1. Introduction
By [1, 2] we know that some polynomial differential system(1)u˙=Uu,v,v˙=Vu,v,where U(u,v) and V(u,v) are polynomial functions, can be transformed to an equation of the form(2)dxdt=p0t+p1tx+⋯+pntxn=Pt,x,t,x∈R,where pi(t) are polynomial in cost, sint. The fact that systems with a homogeneous nonlinearity can be transformed to (2) with n=3 has been exploited in a number of previous papers [1–4]. The limit cycles of (1) correspond to 2π-periodic solutions of (2). This fact has been used to facilitate certain computations and to provide some information about the global phase portrait of the system. In this paper we will use the method of Mironenko [5] to construct some differential equations which are equivalent to (2) in the sense of having the same reflecting function.

Now, we simply introduce the concept of the reflecting function.

Consider differential system(3)x′=Xt,x,t∈R, x∈D⊂Rn,which has a continuously differentiable right-hand side and general solution φ(t;t0,x0). For each such system, the reflecting function is defined as F(t,x)≔φ(-t,t,x) [5].

If system (3) is 2π-periodic with respect to t, then Tx≔F-π,x is the Poincaré mapping of (3) over the period [-π,π]. Thus, the solution x=φ(t;-π,x0) of (3) defined on [-π,π] is 2π-periodic if and only if x0 is a fixed point of T(x).

A differentiable function F(t,x) is a reflecting function of system (3) if and only if it is a solution of the Cauchy problem(4)Ftt,x+Fxt,xXt,x+X-t,Ft,x=0,F0,x=x.

If the reflecting functions of two differential systems coincide in their common domain, then these systems are said to be equivalent [5].

If F(t,x) is the reflecting function of (3), then it is also the reflecting function of any system(5)x′=Xt,x+Fx-1Rt,x-R-t,Ft,x,where R(t,x) is an arbitrary vector function such that the solutions of every system above are uniquely determined by its initial conditions. The systems (3) and (5) have the same operators of translation along solutions on the symmetric time interval [-ω,ω], and therefore the initial data x(-ω) of solutions of the boundary value problems of the form Φ(x(ω),x(-ω))=0, where Φ is an arbitrary function, coincide for such systems.

In general, it is very difficult to find out the reflecting function of (3), so to writ out system (5) is difficult, too. How to judge if two systems are equivalent when we do not know their reflecting function? This is a very interesting problem! Mironenko in [5–7] has studied it and obtained some good results.

Lemma 1 (see [<xref ref-type="bibr" rid="B6">6</xref>]).
If continuously differentiable vector functions Δi(t,x) (i=1,2,…,m) are solutions of differential system(6)Δtt,x+Δxt,xXt,x=Xxt,xΔt,x,then all perturbed systems of the form(7)x′=Xt,x+∑i=1mαitΔit,x,where αi(t) are arbitrary continuous scalar odd functions, are equivalent to each other and to system (3).

The theory of reflecting function has been used for studying the qualitative behavior of solutions of differential systems by many authors [5–13].

Now, for a given equation (2), we present a method for constructing other first-order differential equations which are equivalent to (2), that is, to find out the solution of (6) with X(t,x)=P(t,x). However, it is impossible to find all the solutions in most cases. Therefore, we take only polynomial solutions of (6), that is, its solutions of the form(8)Δ=a0t+a1tx+⋯+antxn,where the coefficients ai(t) (i=0,1,2,…,n) are assumed to be differentiable functions on R and an(t) is not to be zero identically.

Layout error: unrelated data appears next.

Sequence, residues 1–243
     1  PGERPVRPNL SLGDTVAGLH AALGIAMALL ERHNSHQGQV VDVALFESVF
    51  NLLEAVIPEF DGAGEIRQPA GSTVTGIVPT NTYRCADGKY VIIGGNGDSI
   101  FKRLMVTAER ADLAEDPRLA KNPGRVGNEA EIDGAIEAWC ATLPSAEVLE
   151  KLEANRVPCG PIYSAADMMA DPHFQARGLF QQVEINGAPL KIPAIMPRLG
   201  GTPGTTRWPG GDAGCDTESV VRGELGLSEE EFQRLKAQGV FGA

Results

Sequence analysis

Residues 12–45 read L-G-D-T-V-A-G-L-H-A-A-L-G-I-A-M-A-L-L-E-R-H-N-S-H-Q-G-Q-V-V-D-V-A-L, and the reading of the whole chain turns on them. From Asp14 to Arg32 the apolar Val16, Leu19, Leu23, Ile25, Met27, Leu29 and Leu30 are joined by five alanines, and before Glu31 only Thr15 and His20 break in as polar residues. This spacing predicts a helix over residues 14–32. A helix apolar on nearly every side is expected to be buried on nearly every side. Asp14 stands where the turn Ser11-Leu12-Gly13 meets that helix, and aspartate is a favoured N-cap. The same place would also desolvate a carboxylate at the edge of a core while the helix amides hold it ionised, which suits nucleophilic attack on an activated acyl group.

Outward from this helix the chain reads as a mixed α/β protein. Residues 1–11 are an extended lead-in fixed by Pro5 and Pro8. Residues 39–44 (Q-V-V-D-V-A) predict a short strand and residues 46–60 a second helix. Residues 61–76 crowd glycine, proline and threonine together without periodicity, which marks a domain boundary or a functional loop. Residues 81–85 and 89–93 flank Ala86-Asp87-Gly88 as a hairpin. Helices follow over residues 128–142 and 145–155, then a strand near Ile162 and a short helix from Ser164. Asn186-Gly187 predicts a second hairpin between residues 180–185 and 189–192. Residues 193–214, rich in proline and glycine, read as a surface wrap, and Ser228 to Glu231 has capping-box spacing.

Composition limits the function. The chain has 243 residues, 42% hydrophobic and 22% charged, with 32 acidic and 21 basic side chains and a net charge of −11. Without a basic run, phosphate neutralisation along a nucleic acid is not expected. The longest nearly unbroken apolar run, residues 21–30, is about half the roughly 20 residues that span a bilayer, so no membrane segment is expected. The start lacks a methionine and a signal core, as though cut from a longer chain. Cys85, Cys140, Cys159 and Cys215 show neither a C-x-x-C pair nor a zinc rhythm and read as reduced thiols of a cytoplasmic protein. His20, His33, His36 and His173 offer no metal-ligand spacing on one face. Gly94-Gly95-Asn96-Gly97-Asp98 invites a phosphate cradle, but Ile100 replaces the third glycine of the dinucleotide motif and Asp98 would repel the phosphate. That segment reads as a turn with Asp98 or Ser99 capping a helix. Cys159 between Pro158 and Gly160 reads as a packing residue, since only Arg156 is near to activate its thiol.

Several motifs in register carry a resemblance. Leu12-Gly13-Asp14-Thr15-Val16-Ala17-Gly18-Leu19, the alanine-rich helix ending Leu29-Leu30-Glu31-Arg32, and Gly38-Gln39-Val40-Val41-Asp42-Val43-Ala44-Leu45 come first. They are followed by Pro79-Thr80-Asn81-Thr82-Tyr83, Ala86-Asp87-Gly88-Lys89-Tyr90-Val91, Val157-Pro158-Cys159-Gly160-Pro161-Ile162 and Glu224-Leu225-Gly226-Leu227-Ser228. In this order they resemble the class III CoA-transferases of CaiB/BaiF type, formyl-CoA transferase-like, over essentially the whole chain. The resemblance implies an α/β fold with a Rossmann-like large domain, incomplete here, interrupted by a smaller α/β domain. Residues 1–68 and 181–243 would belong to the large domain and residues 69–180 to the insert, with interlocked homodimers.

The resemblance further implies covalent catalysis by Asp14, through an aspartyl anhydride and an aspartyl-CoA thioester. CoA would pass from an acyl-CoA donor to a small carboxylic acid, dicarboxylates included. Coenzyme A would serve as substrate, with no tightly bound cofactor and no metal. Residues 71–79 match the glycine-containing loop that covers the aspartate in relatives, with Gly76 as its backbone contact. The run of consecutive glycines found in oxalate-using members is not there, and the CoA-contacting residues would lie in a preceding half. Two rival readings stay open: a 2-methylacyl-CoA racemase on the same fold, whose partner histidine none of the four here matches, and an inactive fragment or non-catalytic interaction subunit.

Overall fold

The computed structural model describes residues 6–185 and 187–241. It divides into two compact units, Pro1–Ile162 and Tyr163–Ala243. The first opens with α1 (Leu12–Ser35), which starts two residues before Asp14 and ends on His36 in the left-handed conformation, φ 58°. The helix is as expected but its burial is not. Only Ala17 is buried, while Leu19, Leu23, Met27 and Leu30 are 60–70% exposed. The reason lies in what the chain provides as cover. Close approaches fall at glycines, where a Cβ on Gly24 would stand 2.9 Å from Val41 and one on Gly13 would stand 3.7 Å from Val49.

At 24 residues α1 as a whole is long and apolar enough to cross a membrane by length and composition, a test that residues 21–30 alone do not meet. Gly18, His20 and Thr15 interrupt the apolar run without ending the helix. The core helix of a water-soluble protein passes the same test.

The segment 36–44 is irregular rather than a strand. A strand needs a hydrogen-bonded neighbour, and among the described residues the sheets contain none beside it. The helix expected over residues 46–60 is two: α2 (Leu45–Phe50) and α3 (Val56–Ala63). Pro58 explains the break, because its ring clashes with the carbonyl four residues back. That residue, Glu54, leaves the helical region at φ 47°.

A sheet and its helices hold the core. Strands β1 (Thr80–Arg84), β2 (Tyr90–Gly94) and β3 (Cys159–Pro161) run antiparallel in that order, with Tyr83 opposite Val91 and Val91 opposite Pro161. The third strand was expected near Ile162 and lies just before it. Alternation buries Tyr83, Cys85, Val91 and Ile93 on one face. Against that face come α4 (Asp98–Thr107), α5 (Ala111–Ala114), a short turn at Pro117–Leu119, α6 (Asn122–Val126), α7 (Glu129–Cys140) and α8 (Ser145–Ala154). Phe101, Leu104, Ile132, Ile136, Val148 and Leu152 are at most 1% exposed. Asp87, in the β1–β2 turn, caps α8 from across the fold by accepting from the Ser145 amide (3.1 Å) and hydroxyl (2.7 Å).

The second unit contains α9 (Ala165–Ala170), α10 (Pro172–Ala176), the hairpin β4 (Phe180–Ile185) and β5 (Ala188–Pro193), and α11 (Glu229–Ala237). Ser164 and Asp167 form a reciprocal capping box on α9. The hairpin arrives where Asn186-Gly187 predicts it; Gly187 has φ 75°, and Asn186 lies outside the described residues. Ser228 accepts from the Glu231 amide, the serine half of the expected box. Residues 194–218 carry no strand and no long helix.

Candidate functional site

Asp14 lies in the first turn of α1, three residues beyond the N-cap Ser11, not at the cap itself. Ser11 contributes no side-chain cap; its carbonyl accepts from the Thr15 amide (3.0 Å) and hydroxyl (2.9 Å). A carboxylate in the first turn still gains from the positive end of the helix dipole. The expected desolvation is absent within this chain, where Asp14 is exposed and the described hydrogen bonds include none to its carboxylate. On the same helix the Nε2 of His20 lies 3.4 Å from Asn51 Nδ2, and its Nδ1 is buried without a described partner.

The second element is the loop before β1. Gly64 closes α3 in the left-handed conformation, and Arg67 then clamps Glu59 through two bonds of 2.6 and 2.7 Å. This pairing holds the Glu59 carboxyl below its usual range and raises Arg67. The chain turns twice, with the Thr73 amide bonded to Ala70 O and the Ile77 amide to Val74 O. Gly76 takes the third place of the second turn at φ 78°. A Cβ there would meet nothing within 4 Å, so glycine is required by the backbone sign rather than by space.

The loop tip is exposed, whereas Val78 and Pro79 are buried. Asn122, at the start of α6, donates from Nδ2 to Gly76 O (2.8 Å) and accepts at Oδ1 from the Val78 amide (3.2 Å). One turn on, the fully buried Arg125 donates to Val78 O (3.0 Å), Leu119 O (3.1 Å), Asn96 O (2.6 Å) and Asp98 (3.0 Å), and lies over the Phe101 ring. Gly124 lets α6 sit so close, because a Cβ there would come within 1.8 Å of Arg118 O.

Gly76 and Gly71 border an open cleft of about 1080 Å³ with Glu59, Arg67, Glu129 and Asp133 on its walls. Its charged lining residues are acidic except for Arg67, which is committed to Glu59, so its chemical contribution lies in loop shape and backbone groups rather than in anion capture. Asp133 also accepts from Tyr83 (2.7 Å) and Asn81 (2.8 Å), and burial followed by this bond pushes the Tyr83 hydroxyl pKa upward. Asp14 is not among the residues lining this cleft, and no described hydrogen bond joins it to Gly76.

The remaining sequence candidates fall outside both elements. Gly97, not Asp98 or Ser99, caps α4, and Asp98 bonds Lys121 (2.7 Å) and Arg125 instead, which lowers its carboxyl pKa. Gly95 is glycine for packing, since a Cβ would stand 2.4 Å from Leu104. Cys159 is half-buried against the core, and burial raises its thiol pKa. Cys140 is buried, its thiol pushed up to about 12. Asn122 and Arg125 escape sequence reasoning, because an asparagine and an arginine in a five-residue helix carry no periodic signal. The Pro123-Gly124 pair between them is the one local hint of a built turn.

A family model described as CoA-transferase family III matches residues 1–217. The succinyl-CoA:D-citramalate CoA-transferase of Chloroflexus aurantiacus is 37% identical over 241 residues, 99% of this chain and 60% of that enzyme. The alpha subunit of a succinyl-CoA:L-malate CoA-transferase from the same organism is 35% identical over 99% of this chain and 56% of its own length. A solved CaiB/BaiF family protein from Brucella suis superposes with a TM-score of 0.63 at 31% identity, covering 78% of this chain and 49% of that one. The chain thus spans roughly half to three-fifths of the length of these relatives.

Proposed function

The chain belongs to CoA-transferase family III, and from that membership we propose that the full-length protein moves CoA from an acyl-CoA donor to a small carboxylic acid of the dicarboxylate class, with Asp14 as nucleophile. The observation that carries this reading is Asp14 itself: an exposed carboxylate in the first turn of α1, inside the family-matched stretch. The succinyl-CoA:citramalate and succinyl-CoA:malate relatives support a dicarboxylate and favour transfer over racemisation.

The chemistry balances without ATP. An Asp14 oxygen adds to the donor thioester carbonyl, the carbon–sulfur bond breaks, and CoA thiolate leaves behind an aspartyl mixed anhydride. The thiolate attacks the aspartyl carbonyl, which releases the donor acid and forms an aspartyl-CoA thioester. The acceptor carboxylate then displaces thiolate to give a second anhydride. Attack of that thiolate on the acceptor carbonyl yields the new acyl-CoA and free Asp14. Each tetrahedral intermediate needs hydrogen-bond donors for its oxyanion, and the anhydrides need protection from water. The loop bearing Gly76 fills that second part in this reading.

Bel’skii in papers [8–10] has discussed, respectively, when a first-order polynomial differential equation is equivalent to a linear equation (n=1) and Riccati equation (n=2) and Abel equation (n=3). In this paper, we will in detail discuss when is a first-order equation equivalent to (2) with n≥3. We have obtained the sufficient conditions for (6) has solution in form of (8) and we give the explicit expressions of Δ(t,x). At the same time, in addition, we also find out some nonpolynomial solutions of (6). The results of this paper generalize the results of Bel’skii [8–10], and the method of proof in this paper is more simple and efficient than in the previous papers.

2. Main Results
Now, we consider (2) and assume that pn(t) is not to be zero identically in R and n>1. By Bel’skii [8], we know that if pn≠0, then the degree of polynomial Δ(t,x) is equal to n. In the following, we suppose that n≥3 and pn(t)≠0.

Theorem 2.
For (2), suppose that n≥3 and pn(t)≠0. Then the function Δ(t,x) of the form (8) is a solution of (6), if and only if(9)a0′=p1a0-a1p0,(10)ak′=k+1pk+1a0-ak+1p0+k-1pka1-p1ak,k=1,2,…,n-2,(11)ai=pipnan,i=2,3,…,n-1,(12)a1=p1pnan+an′n-1pn,(13)a0=p0pnan+annpnpn-1pn′+an′pn-1nn-1pn2.Therefore, Δ can be represented in the form(14)Δ=anpnPt,x+an′n-1pnx+pn-1npn+annpnpn-1pn′.

Proof.
Let us substitute the function Δ(t,x) of the form (8) into (6); we get(15)a0′+a1′x+⋯+an′xn+a1+2a2x+⋯+nanxn-1·p0+p1x+⋯+pnxn=p1+2p2x+⋯+npnxn-1·a0+a1x+⋯+anxn.Equating the coefficients of the like power of x, we obtain(16)ak′=∑i=1k+1ipiak+1-i-aipk+1-i,k=0,1,2,…,2n-1,where ak=0 and pk=0, when k>n.

From (16) when k=2n-1 we get nanpn=npnan. Taking k=2n-2 in (16), we have an-1=(pn-1/pn)an. Similarly for k=2n-3, 2n-4,…,n+1, we get(17)ai=pipnan,i=2,3,…,n-1;that is, relation (11) is true.

Substituting (11) into (16) and simplifying we get (10).

Using relation (11) and taking k=n in (16), we get(18)an′=n-1a1pn-p1an;it implies relation (12).

Using relation (12) and taking k=n-1 in (16), we have(19)an-1′=npna0-p0an+n-2n-1pn-1pnan′;substituting an-1=(pn-1/pn)an into the above, we get that relation (13) is held.

Substituting (11)–(13) into (8), we get(20)Δt,x=anpnp0+p1x+⋯+pnxn+an′n-1pnx+pn-1npn+annpnpn-1pn′=anpnPt,x+an′n-1pnx+pn-1npn+annpnpn-1pn′,which completes the proof.

We rewrite P(t,x) as follows:(21)Pt,x=pnx+pn-1npnn+δn-2x+pn-1npnn-2+⋯+δ1x+pn-1npn+δ0,in which(22)δk=1k!pn∂kPt,x∂xkx=-pn-1/npn,k=0,1,…,n-2, δn-1≡0.

Lemma 3.
If δi=0, i=k+1,k+2,…,n-2, k≥0, then(23)δk=pkpn-Cnkpn-1npnn-k,(24)pk+1pn=Cnk+1pn-1npnn-k-1.

Proof.
As δi=0, i=k+1,k+2,…,n-1, so (21) goes to(25)Pt,xpn=x+pn-1npnn+δkx+pn-1npnk+δk-1x+pn-1npnk-1+⋯+δ0,equating the coefficients of xk and xk+1; from here we get relations (23) and (24).

Theorem 4.
Suppose that δi=0, i=k+1,k+2,…,n-2, δk≠0(1<k<n-1), and(26)m+1pm+1μk0+m-1pmμk1=pmpn′-n-1n-kpmpnδk′δk,m=2,3,…,k-1,(27)a0′=p1a0-a1p0,(28)a1′=2p2a0-2p0a2,(29)am=pmpnan,m=2,3,…,n-1,where(30)μk0=1npnpn-1pn′-pn-1nn-kpn2δk′δk,μk1=-δk′n-kpnδk,(31)a0=p0pnan+μk0an,(32)a1=p1pnan+μk1an,(33)an=δk-n-1/n-k.Then the function Δ(t,x) in (8) is a solution of (6); that is, (2) is equivalent to equation(34)x′=Pt,x+αtΔt,x,where α(t) is an arbitrary continuous odd function.

Proof.
For k≤m≤n-2, by Lemma 3, substituting (12) and (13) into (10), we obtain(35)am′=m+1pm+1a0-am+1p0+m-1pma1-amp1=m+1pm+1npnpn-1pn′an+pm+1nn-1pn-1pn2an′+m-1pman′n-1pn.Substituting (24) into this relation, we obtain(36)am′=m+1n-mCnm+1pn-1npnn-m′an+m+1n-1Cnm+1pn-1npnn-man′+m-1n-1pmpnan′.By (11) and (23), we get(37)anδm′+n-mn-1δman′=0.As δm=0 (m=k+1,k+2,…,n-1), (37) is an identity when m=k+1,k+2,…,n-1. For m=k, solving (37), we have(38)an=δk-n-1/n-k.Substituting (38) into (11)–(13), we obtain (29)–(32).